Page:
What came in?


My desire to teach, learn and an enjoyment I had not had in a long long time but this was all reflected from the students. Pre-planning came down to a minimum, student choice came in by them selecting topics and preparing talks for each lesson, I moved from standing at the front to sitting down with groups, I began asking opinions more, getting to know students and building the class around them. This was on a lesson to lesson basis but also in each lesson. Even though I taught 4 classes on the same course none of them were the same because the students weren’t. Something would start with a presentation or discussion but it could end with some writing or further discussion or lots of language work.

I started with upper ints, some of who I had never heard speak before and there was another CAE/CPE+ class who had been bored to tears with the low level work we had previously done as we had a policy of teaching the same stuff across the board. I delved into Luke and Scott’s book which I began to read so much my daughter would tap on them and smile. However, after trying some of the activities I still knew there was something missing. It eventually clicked that 1 or 2 activities was not going to make a big enough difference. I had to go the whole hog. I tried internalising the ideas more than the activities and thinking of ways I could encourage and support speaking, language and learning throughout a class and the course.



As I moved more and more into speaking activities, discussions, debates and listening to working on what students came out with they knew something was going on. This shock factor only lasted a couple of weeks as students struggled with the concept of being talked to and engaged and having an input. Lessons kicked off with some general topic but students could branch off into sub groups if they had the option, even groups who started off with the same topic ended up somewhere different and really enjoying speaking freely without being judged on their opinions or language. I encouraged them to ask each other and me for linguistic help, write down problems/questions and then we would have ‘mini linguist’ sessions to look at language and build it up or help with errors. This was very open and I’d answer any related questions. We’d then discuss how to use this language and then go back into another avenue of discussion. I also used blank paper for them to note things down and work on language. I gave no handouts and made them make worksheets for activities like find someone who. End of class revision then became very useful and surprisingly they wanted feedback and direction on how they could develop further. They would even ask what we’d be doing next week and who could present about the topic.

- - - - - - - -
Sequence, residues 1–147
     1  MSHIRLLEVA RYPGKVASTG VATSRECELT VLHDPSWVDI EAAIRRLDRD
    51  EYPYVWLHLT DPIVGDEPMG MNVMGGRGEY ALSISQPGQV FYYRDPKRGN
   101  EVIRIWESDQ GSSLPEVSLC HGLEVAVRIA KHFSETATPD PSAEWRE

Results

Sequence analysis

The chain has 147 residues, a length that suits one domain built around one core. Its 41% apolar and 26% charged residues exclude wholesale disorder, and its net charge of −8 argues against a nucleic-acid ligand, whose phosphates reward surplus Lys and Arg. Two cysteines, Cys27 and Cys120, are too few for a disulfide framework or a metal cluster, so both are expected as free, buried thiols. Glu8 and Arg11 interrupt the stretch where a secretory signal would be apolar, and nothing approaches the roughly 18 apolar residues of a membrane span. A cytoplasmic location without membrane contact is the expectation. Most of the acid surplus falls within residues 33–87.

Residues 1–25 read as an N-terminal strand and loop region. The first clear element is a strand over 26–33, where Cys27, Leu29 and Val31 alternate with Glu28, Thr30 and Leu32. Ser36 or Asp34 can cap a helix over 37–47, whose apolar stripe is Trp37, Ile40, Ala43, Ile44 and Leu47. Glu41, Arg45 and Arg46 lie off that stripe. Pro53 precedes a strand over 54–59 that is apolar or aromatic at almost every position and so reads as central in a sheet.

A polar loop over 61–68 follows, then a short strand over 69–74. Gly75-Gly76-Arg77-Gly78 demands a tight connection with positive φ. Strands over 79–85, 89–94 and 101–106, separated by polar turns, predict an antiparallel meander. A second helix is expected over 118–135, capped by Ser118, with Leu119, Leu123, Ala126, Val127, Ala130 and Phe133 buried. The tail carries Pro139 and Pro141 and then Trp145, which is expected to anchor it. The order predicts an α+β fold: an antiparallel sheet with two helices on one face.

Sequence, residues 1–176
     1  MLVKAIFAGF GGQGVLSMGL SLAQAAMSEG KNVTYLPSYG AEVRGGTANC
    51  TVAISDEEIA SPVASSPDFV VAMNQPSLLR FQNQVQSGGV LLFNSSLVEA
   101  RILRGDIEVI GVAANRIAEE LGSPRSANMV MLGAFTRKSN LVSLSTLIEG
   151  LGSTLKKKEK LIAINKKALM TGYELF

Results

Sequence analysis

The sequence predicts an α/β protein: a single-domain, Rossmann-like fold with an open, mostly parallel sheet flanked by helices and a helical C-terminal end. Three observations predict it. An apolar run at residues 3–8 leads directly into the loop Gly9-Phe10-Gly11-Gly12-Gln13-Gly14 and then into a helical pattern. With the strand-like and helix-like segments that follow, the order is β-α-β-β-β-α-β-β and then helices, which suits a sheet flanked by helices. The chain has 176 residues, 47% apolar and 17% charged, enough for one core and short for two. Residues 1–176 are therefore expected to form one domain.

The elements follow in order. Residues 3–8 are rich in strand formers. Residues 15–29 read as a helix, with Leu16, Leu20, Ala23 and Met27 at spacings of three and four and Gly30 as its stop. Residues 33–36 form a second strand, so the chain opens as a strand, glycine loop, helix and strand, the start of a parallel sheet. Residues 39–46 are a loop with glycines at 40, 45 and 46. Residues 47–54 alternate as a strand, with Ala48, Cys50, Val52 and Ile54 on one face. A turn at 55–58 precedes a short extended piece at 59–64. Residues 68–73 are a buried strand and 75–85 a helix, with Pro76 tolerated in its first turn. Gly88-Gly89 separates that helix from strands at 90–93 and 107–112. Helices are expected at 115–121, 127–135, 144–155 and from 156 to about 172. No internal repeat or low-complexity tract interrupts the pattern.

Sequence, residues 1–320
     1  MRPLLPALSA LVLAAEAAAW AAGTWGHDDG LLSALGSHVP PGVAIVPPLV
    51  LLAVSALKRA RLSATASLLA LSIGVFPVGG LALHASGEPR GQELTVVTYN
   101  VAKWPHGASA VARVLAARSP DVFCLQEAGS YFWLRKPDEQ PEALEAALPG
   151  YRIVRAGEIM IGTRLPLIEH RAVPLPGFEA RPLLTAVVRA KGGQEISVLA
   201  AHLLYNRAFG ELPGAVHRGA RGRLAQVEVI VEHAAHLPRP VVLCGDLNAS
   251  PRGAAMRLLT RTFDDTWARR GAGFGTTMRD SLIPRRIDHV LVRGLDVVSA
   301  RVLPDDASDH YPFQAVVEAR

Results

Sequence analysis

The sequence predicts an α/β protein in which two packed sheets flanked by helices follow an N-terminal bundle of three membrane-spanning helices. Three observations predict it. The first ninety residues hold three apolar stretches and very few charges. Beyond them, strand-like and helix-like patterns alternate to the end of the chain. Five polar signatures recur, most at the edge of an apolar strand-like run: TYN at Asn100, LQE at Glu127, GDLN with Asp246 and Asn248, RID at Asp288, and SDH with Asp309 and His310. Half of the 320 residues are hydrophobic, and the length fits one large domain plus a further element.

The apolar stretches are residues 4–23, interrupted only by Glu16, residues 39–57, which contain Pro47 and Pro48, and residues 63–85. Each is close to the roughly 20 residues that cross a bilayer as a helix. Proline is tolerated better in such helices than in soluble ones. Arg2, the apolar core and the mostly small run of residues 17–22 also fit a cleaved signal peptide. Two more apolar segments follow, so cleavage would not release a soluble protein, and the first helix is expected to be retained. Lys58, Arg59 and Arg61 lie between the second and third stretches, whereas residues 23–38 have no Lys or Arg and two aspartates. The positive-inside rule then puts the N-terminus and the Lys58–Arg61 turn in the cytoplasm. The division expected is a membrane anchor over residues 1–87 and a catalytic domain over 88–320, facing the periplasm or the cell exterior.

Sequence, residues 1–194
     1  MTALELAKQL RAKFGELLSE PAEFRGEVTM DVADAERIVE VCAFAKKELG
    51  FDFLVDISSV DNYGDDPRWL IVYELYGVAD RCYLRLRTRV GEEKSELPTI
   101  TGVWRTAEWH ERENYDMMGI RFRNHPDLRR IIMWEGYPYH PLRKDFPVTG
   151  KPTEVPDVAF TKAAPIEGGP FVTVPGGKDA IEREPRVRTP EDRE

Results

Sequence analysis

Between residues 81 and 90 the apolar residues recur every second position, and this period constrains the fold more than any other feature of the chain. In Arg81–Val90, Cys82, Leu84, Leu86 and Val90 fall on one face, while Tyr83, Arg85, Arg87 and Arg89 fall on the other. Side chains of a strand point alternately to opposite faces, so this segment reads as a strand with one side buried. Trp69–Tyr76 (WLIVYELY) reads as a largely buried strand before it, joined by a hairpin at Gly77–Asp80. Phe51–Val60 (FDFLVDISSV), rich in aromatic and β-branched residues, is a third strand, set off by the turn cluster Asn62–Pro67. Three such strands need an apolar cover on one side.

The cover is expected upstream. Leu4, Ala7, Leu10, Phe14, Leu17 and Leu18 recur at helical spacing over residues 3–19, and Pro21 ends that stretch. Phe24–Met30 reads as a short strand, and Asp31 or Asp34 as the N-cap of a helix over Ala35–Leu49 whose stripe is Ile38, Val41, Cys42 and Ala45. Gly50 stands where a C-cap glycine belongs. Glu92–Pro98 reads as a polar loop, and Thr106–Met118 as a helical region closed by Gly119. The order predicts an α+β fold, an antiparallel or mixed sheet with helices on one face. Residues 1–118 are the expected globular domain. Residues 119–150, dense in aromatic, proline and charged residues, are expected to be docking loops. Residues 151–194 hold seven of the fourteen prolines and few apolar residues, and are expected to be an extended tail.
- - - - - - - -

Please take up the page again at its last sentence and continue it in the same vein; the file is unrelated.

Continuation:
To book or not to book?


For a while I had to use a book but I didn’t know how. Then in one student-led talk and subsequent discussion about the Japanese nuclear situation we got onto alternative power which just happened to be the unit for this week. A light bulb burst in my head and I suddenly understood what so many of the DOGME people meant about ‘dipping into’ the book when it is needed. So, the next class and a couple after it involved that. The book became a reference for information to help discussions, debates, writing or just for background or further reading. As such it became useful. Whereas few students bought it or brought it to class before, now it was everywhere and people were quoting the texts.